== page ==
Trigger Control Tips: Improving your Shooting Accuracy

When practicing to become a sharpshooter, one of the things you’ll need to master is trigger control. After sight alignment, this is the second most important technique of marksmanship. Whether you’re using a handgun or rifle, trigger control is critical for accurate shooting because it helps to alleviate flinching and jerking when you fire shots. Therefore, with good trigger control, you’ll be able to hit your targets dead on without disrupting the aiming process.

But how does one go about mastering excellent control on the trigger? Well, this article offers you a few effective tips that will help improve your touch and precision on the trigger and make every shot count.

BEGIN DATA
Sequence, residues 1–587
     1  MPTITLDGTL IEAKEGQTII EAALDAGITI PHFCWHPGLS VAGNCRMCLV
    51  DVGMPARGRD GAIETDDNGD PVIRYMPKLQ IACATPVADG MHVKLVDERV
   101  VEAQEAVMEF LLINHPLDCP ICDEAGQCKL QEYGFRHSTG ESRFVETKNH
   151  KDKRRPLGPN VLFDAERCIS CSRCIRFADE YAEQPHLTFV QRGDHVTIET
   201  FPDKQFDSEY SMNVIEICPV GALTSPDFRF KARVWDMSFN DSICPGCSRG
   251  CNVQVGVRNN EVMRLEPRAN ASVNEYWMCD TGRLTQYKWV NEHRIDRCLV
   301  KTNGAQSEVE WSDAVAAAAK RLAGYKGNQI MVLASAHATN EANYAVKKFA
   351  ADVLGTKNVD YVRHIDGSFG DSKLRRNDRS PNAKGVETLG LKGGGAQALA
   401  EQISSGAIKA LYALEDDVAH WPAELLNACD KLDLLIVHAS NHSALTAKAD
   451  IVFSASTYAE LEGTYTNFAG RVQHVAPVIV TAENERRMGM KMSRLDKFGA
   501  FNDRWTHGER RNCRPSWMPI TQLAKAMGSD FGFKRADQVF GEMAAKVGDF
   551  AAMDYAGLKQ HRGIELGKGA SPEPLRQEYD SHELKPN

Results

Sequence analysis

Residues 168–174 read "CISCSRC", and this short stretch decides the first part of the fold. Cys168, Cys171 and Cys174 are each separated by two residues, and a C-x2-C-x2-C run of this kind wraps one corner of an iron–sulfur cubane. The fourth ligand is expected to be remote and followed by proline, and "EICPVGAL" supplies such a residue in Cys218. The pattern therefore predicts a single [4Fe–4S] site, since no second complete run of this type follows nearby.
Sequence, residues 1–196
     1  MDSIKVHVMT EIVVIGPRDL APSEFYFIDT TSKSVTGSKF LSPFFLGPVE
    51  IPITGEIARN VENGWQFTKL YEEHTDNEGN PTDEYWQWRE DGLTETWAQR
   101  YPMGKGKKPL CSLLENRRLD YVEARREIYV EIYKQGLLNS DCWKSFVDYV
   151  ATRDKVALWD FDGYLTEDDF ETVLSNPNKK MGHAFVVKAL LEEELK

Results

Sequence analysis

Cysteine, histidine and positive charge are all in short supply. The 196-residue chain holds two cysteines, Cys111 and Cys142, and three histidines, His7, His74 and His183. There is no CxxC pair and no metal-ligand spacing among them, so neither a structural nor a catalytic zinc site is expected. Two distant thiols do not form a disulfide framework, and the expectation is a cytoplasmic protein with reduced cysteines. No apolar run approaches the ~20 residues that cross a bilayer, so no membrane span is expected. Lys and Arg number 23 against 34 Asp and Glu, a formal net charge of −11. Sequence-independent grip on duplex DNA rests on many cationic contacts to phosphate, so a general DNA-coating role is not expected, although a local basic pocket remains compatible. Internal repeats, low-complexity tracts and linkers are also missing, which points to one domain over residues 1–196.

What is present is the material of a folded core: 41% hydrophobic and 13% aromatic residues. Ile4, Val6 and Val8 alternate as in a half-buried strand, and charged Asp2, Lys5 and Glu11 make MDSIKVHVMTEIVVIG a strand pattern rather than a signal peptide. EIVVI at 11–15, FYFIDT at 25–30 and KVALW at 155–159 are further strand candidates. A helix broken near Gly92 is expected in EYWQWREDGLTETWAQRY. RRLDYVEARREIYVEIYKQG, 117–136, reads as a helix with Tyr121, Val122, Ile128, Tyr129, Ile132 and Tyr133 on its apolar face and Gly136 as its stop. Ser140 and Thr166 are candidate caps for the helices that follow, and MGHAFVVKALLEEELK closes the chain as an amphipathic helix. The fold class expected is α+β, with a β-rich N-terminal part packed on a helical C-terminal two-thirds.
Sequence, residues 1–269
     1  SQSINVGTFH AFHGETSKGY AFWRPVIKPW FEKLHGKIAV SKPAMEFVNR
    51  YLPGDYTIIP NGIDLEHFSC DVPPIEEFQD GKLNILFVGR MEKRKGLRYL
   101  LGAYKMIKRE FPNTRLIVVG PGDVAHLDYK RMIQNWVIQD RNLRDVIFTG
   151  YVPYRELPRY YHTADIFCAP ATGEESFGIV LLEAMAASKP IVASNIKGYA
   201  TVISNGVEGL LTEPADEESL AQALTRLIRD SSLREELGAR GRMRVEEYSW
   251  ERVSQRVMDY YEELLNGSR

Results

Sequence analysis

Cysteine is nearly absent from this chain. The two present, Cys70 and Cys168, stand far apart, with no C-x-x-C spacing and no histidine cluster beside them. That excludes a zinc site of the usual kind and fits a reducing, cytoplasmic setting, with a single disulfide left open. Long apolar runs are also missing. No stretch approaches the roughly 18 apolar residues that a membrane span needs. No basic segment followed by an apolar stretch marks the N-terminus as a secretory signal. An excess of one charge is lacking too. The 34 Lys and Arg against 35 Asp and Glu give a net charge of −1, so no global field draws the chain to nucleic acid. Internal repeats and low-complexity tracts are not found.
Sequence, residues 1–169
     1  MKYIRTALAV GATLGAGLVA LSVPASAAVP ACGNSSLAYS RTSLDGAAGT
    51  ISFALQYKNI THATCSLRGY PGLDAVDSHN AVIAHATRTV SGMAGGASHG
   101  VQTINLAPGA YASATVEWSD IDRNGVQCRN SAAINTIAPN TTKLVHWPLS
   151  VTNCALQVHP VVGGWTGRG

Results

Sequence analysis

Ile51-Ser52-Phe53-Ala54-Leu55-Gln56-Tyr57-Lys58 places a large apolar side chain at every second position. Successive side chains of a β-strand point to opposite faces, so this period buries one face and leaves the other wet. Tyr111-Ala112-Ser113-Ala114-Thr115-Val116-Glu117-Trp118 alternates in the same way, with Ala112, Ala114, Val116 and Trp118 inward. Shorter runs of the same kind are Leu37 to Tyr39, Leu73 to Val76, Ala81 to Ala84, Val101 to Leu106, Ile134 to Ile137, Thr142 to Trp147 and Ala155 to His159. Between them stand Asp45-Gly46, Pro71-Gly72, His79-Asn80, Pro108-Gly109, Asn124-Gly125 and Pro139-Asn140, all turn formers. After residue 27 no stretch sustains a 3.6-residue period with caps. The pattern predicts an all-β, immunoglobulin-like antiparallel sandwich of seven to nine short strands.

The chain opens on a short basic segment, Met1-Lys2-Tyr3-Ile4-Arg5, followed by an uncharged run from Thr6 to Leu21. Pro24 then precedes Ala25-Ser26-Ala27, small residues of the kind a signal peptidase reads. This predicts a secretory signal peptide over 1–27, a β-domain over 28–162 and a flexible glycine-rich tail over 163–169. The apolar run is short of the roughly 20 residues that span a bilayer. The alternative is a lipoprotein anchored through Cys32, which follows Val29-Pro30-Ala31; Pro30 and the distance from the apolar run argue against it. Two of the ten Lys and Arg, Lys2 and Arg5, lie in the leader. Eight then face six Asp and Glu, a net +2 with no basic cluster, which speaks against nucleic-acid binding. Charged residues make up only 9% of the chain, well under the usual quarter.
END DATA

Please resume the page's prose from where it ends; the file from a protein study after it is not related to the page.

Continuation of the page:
trigger control chart

Develop Good Holding Ability

Developing good trigger control is quite impossible if you cannot hold a gun correctly in the first place. So, the best place to begin when you are looking to improve your trigger control is to develop a good holding ability. A proper grip on the gun helps in a variety of ways. These include:

  1. Providing the index finger with the support it needs to overcome trigger tension
  2. Reducing your group size (that is the main measurement of one’s shooting abilities)
  3. Minimizing flinching and jerking

In the case of a rifle, developing a good grip can be done in the following steps:

  • Firmly grasp the pistol grip/stock firmly with your right hand. The forefinger should be placed on the trigger while the rest of the fingers should be wrapped around the pistol grip.
  • Ensure that your right elbow is positioned naturally and then bring the butt of the rifle to rest in the pocket formed in your right shoulder. This helps reduce the effects of recoil and prevents the riffle from sliding when you fire shots.